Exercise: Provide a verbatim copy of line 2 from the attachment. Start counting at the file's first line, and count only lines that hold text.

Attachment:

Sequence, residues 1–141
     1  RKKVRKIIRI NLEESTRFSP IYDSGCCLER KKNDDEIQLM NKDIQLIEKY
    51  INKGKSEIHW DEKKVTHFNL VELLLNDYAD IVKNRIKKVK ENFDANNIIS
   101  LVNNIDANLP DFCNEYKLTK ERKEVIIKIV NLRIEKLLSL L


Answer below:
     1  RKKVRKIIRI NLEESTRFSP IYDSGCCLER KKNDDEIQLM NKDIQLIEKY